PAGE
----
Lump/ nodule in the breast that gets attached to the skin of the breast over time. The lump / nodule could be hard and painless with irregular edges or it could also be soft, rounded, tender and painful.
Enlarged lymph nodes in the axilla which are palpable.
Swelling of whole or a part of a breast. This is even if there is no distinct lump felt.
Retraction or thickening of the nipple(s).
Pain in the breast or nipple.
Discharge from nipple other than breast milk.
Irritation/ scaliness of skin over the breast.
Redness of nipples
Rarely, red, swollen and tender breast.
5. Screening: Is generally recommended for asymptomatic populations goal of which, as usual, is to be able to detect & diagnose breast cancer at an early stage which is potentially curable. It is mostly radiologic with mammography/ USG being instrumental in raising suspicions for further diagnostics (i.e. biopsy) that help detect breast cancer, if any, early.
6. Diagnosis: A self-examination/ clinical exam of the breast(s)/ axilla that reveals a palpable mass prompts the following diagnostics. Abnormal blood test results may be indicative of malignancy, but a follow up imaging/ biopsy is always the gold standard for accurate diagnosis.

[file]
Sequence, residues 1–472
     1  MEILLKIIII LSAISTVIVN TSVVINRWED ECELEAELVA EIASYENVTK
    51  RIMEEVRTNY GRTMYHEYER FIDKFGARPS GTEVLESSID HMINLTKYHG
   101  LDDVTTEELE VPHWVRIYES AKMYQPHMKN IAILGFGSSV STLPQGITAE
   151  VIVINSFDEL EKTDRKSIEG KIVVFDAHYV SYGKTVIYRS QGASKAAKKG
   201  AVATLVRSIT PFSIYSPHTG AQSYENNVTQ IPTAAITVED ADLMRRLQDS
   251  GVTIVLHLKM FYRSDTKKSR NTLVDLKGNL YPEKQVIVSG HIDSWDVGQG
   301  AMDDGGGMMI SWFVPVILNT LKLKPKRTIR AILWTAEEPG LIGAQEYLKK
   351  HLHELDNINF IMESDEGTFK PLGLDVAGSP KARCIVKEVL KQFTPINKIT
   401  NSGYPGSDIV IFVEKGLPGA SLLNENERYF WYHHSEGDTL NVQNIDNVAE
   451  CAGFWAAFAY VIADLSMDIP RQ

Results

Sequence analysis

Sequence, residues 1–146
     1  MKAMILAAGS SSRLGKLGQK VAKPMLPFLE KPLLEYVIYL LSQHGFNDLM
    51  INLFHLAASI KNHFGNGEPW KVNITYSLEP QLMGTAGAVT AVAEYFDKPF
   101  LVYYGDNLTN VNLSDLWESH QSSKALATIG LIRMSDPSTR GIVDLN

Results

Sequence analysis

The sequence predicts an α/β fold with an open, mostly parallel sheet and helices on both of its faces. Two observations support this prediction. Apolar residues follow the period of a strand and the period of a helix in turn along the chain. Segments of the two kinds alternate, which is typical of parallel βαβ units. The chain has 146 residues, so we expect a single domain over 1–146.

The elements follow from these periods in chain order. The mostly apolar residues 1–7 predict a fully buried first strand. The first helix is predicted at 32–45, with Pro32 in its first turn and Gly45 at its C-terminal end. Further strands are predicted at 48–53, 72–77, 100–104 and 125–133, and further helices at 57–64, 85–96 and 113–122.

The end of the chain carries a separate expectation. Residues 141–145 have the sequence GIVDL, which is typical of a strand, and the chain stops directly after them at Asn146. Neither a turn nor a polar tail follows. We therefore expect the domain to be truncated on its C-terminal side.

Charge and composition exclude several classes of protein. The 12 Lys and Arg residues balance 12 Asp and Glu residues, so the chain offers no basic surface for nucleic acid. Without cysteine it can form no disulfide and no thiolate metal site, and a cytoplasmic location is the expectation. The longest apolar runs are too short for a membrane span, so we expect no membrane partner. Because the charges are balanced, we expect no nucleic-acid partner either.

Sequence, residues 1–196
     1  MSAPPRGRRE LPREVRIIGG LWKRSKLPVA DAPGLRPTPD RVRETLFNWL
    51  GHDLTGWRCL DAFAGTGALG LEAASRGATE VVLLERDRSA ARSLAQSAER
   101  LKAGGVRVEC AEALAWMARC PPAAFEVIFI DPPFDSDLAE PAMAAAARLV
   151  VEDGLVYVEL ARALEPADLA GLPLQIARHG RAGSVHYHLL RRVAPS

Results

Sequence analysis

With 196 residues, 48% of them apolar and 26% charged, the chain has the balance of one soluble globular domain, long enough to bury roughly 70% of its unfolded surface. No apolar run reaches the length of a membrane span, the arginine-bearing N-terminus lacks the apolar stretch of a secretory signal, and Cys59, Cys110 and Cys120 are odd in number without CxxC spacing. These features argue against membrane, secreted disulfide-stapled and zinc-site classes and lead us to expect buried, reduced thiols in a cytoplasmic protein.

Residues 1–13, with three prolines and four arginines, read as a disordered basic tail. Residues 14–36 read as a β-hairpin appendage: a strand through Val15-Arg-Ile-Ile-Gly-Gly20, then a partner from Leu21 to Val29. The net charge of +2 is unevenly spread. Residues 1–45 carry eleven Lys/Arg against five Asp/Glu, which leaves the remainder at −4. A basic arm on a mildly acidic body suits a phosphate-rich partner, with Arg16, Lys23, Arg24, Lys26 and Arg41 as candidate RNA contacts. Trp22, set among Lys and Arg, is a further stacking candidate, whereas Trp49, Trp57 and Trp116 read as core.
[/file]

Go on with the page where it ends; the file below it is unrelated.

- Blood: ER/ PR/ HER2/neu, uPA, PAI-1, CA15-3, CA27.29 etc all tumor markers are helpful.
- Imaging: Mammography/ USG Scan usually, as relevant. Again, CT Scan of abdomen & pelvis and chest, PET CT scan, bone scan etc all help detect metastasis, if any, for cancers in stage III & above.
- Biopsy: either excisional, incisional, fine needle aspiration (FNA) or core biopsy technique, as contextually appropriate, is frequently employed and a histopathological examination (HPE) thereof clinches the diagnosis and the nature of the disease.
7. Treatment: Conventional treatment includes surgery, radiotherapy, hormone therapy/ chemotherapy as deems appropriate. Simultaneously, an adjunctive or integrative naturopathic treatment with suitable complementary & alternative medicines (CAM) too can help improve clinical outcomes and facilitate recovery as would be feasible contextually.
8. Prognosis: Preventive measures, earlier diagnosis and right early treatment is key for an effective therapeutic management & better prognosis. Like most other cancers, the chances of cure for an early stage breast cancer are more. The cure/ recovery chances are influenced by the type, grade, stage of cancer, recurrence and the patient’s general health & vitality etc all. Above-mentioned apart, age, menopause status, lymph node status, ER/ PR/ HER-2/ neu status, size & extent of breast cancer etc all also influence the treatment outlook in breast cancer. The five year survival rate is strongly correlated with the stage of breast cancer.